Next weekend is the Woodfest (so long as the AFL isn’t a draw this year!), and two weeks after that the Melbourne woodworking show.

Productive times. Busy weekends

Voices on the Wind

With the cool change passing over (which brings with it strong, gusting winds), I am reminded of a day many years ago now where the winds arrived and quickly made such a mark on my shed at the time.

Back in 2002 or so, (things are getting particularly hazy), I needed more space than the 3m x 3m shed I was using was offering.  An old Mercedes that I had was sold, and that financed a new 6m x 3m shed by Spanbilt.  It was an amazing thing, having so much more space than I had been coping with.

This was also as my Triton collection was undergoing a rapid expansion, and the Dingo that had joined the family needed a home.  You may have seen the resulting dog house, either on here or in a magazine (House and Home I think).  It was a heavy thing, with cyprus pine weatherboards all made on the Triton Workcentre.  It has particular relevance to this story.

One wet day, the wind was really gusting in, and I had headed out to the shed to see how it was going.  It was therefore particularly concerning when I saw the roof flexing dramatically above one of the doors.  The wind passing over was really lifting the roof at one point, so I started hanging on, while trying to reach  hammer, nails, screws or whatever might help stabilise the roof.

Watching the building closely (while literally hanging off it), I could see a real defect in the design around the door frames.  The roof was lifting right above the corners of the doors.  So while using my bodyweight to hang onto the roof above one door, the wind began ripping sheet after sheet off above the other.  Not only was the roof flying off, over the neighbour’s fence, but even the wall sheets and door were following.  If it wasn’t for the Triton Woodrack on the back wall heavily loaded, I have no doubt the whole half of the shed would have gone.  Even so, the damage was dramatic.  It was still raining, and all the tools that had suddenly been exposed to the elements were getting a soaking.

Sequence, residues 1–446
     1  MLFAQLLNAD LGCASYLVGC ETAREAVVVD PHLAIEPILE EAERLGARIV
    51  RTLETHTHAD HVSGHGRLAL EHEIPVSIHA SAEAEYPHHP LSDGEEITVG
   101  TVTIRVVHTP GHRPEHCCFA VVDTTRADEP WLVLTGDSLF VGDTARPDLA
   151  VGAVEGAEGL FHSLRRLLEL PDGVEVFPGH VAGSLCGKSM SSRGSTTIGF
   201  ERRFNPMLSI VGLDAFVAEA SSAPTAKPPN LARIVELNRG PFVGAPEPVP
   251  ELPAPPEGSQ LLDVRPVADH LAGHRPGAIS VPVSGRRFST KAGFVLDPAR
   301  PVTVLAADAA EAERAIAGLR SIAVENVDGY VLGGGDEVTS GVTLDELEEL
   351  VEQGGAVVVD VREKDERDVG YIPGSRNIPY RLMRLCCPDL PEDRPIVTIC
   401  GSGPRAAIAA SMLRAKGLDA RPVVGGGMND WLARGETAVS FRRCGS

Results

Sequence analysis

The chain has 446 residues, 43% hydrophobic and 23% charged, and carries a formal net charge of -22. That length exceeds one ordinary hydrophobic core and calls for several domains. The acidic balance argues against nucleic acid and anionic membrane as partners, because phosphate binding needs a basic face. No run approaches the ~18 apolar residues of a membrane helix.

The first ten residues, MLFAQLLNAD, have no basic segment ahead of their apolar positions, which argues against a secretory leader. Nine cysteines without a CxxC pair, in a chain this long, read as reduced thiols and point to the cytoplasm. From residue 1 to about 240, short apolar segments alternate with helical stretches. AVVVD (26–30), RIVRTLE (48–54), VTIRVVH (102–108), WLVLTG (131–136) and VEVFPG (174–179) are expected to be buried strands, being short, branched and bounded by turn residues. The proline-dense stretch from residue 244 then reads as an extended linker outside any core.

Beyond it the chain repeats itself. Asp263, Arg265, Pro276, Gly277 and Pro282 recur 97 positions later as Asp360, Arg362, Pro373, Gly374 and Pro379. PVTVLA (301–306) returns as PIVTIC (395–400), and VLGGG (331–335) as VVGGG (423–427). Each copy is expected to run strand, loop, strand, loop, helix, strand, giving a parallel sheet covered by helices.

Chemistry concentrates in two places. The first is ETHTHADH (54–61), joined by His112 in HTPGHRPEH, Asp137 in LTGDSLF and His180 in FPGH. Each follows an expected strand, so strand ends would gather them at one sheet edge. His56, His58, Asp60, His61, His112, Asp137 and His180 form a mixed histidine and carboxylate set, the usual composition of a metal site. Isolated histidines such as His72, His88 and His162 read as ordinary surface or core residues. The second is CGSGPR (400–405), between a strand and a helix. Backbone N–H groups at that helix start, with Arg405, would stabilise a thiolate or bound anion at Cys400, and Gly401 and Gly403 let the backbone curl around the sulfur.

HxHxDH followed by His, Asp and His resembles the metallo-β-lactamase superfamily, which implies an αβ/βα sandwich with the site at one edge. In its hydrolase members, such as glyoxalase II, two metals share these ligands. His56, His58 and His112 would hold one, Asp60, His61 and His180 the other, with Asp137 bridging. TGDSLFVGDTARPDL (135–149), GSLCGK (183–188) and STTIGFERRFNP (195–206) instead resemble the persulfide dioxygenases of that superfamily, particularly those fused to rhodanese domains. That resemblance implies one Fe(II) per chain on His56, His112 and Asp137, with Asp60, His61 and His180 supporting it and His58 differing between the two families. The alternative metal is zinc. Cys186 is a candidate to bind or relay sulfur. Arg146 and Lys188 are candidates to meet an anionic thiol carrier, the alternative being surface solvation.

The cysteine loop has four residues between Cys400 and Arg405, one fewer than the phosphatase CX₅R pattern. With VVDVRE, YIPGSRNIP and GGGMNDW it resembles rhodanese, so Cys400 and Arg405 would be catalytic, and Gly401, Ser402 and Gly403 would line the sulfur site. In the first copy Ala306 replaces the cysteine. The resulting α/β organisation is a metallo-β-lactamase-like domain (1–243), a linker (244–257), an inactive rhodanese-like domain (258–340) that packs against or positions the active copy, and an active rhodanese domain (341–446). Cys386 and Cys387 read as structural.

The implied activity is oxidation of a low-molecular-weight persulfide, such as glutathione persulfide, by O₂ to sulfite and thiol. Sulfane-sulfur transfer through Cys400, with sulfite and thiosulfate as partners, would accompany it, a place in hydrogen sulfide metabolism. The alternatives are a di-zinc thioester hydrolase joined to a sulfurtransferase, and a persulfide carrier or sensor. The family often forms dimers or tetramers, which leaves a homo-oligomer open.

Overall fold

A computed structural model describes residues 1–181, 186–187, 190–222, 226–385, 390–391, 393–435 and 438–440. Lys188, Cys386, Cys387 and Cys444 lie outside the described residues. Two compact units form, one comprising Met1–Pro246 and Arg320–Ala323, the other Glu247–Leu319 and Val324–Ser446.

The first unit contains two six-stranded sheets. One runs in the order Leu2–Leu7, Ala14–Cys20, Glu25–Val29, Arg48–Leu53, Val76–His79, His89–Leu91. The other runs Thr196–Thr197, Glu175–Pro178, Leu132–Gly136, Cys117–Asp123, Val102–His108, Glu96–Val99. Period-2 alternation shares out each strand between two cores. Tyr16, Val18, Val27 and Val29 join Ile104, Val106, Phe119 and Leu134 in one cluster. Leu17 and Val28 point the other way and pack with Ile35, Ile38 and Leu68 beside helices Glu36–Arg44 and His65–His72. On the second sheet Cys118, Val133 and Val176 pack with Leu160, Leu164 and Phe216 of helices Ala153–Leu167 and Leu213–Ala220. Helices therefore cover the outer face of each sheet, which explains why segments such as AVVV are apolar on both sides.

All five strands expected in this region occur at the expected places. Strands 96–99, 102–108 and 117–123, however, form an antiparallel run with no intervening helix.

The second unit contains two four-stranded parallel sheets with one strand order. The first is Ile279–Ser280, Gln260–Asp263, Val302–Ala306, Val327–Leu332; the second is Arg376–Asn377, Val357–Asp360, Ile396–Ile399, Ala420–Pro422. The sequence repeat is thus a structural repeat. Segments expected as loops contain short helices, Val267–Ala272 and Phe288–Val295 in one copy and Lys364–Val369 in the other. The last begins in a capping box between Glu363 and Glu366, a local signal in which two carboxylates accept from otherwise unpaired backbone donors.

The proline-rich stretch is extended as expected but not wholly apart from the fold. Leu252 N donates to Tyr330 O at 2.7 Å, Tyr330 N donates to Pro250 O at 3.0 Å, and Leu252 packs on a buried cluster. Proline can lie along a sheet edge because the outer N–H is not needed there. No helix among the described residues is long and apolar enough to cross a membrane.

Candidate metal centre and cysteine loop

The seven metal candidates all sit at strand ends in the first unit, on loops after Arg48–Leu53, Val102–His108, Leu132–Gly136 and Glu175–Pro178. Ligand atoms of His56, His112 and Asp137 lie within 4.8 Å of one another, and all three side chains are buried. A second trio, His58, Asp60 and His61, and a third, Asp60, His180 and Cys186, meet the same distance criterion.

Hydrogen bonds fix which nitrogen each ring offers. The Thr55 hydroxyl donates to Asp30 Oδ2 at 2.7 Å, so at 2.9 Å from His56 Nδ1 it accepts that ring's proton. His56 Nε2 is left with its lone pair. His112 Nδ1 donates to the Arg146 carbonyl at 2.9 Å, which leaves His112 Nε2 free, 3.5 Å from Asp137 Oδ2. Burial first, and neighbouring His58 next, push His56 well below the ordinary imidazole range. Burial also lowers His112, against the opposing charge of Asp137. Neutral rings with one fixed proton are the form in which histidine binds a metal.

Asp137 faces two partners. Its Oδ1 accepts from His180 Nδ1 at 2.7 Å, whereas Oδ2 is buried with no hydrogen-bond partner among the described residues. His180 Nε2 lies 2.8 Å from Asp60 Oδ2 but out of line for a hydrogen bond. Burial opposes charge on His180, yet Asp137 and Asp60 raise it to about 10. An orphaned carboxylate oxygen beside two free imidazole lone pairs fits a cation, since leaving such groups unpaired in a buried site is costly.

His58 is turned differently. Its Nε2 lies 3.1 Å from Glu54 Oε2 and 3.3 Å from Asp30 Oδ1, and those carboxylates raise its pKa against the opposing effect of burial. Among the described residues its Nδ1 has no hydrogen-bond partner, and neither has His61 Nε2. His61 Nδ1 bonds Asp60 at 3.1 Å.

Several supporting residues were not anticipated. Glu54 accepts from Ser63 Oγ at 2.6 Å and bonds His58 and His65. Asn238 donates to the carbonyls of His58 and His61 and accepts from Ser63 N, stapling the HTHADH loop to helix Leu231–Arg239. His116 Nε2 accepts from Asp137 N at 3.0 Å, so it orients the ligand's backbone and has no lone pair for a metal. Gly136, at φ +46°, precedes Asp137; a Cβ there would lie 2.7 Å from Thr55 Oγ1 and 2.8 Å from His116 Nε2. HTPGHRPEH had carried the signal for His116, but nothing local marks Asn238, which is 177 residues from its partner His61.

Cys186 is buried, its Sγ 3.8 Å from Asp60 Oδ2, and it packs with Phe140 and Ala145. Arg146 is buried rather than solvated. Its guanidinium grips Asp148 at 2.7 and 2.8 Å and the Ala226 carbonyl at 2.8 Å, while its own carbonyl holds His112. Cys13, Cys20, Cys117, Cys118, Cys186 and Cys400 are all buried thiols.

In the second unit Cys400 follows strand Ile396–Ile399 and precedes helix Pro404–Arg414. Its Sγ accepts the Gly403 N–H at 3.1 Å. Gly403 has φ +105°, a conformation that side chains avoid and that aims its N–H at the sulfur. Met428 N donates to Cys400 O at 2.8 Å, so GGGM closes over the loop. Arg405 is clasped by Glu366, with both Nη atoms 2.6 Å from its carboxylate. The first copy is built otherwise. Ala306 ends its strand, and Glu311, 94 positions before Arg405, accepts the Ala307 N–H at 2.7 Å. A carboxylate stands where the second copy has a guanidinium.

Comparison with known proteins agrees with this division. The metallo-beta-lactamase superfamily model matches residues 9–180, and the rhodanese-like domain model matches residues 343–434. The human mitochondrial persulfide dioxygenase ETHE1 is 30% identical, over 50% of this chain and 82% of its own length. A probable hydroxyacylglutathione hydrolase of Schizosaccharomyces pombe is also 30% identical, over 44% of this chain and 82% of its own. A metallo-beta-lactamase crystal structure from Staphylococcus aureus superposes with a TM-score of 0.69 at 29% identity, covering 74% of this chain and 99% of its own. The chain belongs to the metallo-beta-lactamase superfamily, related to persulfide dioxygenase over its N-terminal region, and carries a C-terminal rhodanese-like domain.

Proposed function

With a trip to the local box hardware store for a big groundsheet, the effort was in getting it across the roof, and secured against any additional winds.  This is where the newly built doghouse came in – with the decent weight it was placed on one side of the groundsheet to hold it down.

The shed repair was something else, with many panels bent, and some beyond easy redemption.  A call to Spanbilt yielded no joy – they claimed the sheds were more than suitable for Melbourne’s weather conditions, and not only were they not prepared to supply any panels to replace the damaged ones, they were not interested in doing so even where I was wanting to pay for them.

So instead, I sourced some treated pine and built a sub-frame that the tin was to be attached to .  Heavily bent panels were hammered flat an nailed to the new frame.  This design became the basis for the current 8m x 4m shed, and that has not moved an inch, even in particularly strong winds.

So that is the end of the tale, and the visual I still have when the winds get a bit fresh.  Seeing panel after panel flying across the fence – I can’t imagine what it is like for those in the States in the tornado alley, watching whole houses vanish in a puff of wind.

These days, with the shed built with the lessons of the past incorporated in the design and construction, let it blow – I can go back to enjoying listening to the wind and rain throw its fury at my place, content in the knowledge that the shed (and the tools therein) will be there, safe and intact day after day, storm after storm.

Lie-Nielsen Event

On Saturday 16 and Sunday 17 April, from 10am to 5pm, the Melbourne Guild of Fine Woodworking is hosting the Lie-Nielsen (Australia) Hand Tool Event.

Melbourne Guild of Fine Woodworking

School and Machine Room
79b Lexton Road
Box Hill North
Victoria 3129
Australia

If you haven’t come across Lie-Nielsen planes and other hand tools before, well, best leave your wallet at home!  They are rather stunning, and very desirable 🙂

There will be all sorts of demonstrations where you will get to see some really talented woodworkers demonstrating techniques, and the obligatory sausage sizzle.

Definitely sounds like an event to check out!

Setup